By APICS CEO ABE Eshkenazi, CSCP, CPA, CAE | 0 | 0 | June 27, 2014
Remember the uproar surrounding those see-through Lululemon yoga pants last year? This week, Stanford’s Graduate School of Business “Closer Look” series dug deeper and outlined the company’s “sheer debacle in risk management.”
According to the article’s authors, David F. Larcker, Sarah M. Larcker, and Brian Tayan, Lululemon’s risk mitigation strategy failed at many points, starting before March 2013, when the company pulled its store inventory of black yoga pants because recent shipments did not meet quality standards. The action affected 17 percent of the store’s pant inventory for women, but stock prices fell 3.8 percent.
In Securities and Exchange Commission (SEC) filings, Lululemon leaders anticipated that supply chain issues could pose a problem because of the limited number of suppliers. Further, company leaders also noted the significance of their brand to overall business success. After all, Lululemon positioned itself as a provider of high-end, high-quality fitness apparel—and commanded about $100 per pair of yoga pants.
“Still, despite having identified these risk factors in advance, the company was not prepared to manage them when they materialized,” Larcker, Larcker, and Tayan write.
Before the recall, social media had been full of reports on the too-sheer pants. Lululemon first blamed its supplier. The supplier, however, reported it had been certified by the company and met all its requirements. That’s when experts started doubting Lululemon’s quality controls. Those doubts didn’t stop when pants were back on the store shelves three months later.
“Despite Lululemon’s assurance that ‘quality testing has never been better,’ complaints about product quality did not go away,” the authors write. “Customers flooded the company’s website and Facebook page claiming that the pants were still too sheer.”
Instead of apologizing, CEO Chip Wilson suggested consumers were at fault, and the reaction on social media was immediate and powerful. Then, in an effort to apologize, Wilson ended up causing more trouble by not directly expressing regret for his previous offenses. Social media, again, went to work. In December 2013 and again in June 2014, Lululemon issued a profit warning.
Why does the Lululemon story matter to all business people? The authors list five reasons, including the following:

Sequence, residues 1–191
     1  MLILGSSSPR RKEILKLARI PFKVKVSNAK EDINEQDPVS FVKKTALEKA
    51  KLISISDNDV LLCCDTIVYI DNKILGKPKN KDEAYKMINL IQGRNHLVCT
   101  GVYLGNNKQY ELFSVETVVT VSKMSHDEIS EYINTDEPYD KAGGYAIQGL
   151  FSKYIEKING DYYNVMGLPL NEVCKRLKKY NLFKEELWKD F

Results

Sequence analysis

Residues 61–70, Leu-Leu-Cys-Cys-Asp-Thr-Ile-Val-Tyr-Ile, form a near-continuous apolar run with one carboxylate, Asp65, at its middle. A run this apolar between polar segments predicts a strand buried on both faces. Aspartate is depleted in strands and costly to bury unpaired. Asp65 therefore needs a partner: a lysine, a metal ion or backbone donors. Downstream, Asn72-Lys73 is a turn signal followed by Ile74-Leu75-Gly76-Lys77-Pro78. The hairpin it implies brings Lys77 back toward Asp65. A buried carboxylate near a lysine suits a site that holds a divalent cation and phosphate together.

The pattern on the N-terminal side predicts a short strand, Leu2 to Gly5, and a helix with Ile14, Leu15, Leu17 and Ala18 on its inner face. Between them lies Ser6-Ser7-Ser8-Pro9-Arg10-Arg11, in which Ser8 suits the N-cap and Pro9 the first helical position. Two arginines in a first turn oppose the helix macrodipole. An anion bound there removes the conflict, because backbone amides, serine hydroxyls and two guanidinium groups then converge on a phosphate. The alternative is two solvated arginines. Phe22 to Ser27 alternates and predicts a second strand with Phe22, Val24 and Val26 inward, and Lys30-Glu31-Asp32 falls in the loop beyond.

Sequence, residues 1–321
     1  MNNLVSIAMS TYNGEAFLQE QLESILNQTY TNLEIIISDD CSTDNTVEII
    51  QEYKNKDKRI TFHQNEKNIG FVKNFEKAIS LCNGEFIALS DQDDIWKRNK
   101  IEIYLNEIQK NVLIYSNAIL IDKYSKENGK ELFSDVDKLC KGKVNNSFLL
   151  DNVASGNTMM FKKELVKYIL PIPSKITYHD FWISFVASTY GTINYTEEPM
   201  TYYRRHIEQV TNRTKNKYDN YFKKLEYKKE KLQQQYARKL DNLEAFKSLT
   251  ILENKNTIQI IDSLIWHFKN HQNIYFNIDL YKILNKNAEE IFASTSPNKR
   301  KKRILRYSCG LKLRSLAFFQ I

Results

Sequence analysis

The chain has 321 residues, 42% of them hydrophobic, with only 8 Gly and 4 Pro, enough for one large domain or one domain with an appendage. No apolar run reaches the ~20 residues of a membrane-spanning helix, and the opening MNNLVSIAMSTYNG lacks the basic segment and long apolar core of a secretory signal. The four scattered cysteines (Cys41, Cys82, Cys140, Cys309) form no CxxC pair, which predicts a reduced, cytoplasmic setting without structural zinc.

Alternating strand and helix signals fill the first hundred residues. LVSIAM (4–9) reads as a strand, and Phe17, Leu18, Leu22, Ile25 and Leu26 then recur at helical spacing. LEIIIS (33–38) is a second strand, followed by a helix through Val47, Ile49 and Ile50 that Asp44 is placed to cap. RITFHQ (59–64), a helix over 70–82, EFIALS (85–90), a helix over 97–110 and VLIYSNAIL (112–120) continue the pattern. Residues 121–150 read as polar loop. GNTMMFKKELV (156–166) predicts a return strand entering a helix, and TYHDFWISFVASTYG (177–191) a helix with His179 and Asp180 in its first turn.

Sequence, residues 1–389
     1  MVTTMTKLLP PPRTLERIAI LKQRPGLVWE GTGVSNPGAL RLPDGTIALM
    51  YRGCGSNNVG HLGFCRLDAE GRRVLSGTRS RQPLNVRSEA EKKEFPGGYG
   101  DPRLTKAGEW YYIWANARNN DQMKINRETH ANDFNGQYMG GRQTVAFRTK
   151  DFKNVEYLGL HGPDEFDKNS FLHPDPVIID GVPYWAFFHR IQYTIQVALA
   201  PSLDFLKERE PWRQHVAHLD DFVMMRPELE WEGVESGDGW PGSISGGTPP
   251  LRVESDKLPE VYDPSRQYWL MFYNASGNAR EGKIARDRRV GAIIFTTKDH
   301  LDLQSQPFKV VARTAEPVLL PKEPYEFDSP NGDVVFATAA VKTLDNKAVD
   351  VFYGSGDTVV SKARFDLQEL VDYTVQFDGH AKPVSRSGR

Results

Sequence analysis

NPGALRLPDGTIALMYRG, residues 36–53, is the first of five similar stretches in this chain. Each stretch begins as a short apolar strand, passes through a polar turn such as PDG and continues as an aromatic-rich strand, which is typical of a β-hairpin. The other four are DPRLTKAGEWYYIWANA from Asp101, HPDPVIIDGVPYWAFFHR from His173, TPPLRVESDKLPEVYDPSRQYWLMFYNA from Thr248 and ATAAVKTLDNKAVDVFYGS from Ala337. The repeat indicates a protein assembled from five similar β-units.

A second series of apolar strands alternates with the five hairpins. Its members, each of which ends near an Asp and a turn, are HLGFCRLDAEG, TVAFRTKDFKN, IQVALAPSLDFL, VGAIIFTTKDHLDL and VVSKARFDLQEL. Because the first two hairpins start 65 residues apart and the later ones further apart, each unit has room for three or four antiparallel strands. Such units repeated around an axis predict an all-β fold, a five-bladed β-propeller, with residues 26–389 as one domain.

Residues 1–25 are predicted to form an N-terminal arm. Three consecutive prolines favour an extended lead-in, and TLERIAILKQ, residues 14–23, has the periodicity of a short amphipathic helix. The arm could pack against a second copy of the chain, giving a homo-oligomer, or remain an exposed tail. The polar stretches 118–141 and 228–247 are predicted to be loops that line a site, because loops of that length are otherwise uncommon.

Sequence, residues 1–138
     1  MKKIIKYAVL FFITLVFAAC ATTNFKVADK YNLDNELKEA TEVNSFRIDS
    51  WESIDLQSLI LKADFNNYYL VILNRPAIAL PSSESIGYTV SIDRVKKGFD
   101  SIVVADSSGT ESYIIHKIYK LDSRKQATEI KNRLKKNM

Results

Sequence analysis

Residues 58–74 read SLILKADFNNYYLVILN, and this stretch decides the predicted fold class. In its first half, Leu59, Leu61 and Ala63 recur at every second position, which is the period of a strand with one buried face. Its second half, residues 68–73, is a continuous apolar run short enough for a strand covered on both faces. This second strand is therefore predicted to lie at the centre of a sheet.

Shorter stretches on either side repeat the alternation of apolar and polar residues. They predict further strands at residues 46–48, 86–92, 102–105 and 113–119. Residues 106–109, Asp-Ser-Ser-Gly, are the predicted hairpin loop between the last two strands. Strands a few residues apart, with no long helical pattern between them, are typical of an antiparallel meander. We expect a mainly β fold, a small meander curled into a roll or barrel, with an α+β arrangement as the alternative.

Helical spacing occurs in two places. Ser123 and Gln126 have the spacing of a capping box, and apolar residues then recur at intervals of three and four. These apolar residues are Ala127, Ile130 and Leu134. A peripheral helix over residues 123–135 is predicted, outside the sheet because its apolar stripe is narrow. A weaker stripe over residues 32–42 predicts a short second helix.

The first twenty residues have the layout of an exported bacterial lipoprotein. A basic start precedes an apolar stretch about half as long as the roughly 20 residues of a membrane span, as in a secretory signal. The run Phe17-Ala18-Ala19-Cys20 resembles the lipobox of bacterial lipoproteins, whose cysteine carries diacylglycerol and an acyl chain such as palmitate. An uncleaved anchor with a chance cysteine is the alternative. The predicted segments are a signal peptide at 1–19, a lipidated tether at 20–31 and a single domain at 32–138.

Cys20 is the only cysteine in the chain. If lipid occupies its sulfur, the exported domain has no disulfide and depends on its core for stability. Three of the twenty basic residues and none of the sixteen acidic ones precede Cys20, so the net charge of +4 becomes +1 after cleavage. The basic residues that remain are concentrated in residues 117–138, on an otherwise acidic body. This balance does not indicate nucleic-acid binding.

- “Companies disclose an extensive list of risk factors in SEC filings. However, there is often a disconnect between identifying risks in advance and being prepared to manage them when they materialize.”
- Social media can magnify customer dissatisfaction. Companies must respond in a constructive, not defensive, manner.
- Improper handling of recall and quality issues can create more reputational damage. Consider how risk-related matters can impact the overall brand.
When risks outnumber rewards
While risk is anticipated by supply chain and operations management professionals, it is not always clear how to manage it once it arises. Consider the following from the APICS Supply Chain Risk Folio: “Standard forms of reporting, vocabulary, mapping, and conceptualizing supply chain risk are not complete or have not yet been universally adopted. Even with easily measurable risk data, supply chain complexity makes it a challenge to gather a complete, intricate view of a supply chain’s total risk profile.”
APICS has resources to enable you to navigate the complexities of supply chain risk, anticipate potential risks, and manage them once events have occurred. For example, the APICS Risk Management Education Certificate offers a comprehensive, forward-looking program that prepares you to participate in the development of a global risk mitigation strategy. The APICS Supply Chain Risk Management Seminar, an essential element to the education certificate, will be conducted October 17, 2014, in New Orleans in conjunction with APICS 2014.
Speaking of APICS 2014, the conference will feature a risk and resiliency learning path, which will outline practical and proven approaches for addressing today’s risk challenges. APICS 2014 will be held in New Orleans, October 19–21, 2014. Early-bird registration for APICS 2014 ends Monday, so be sure to register today.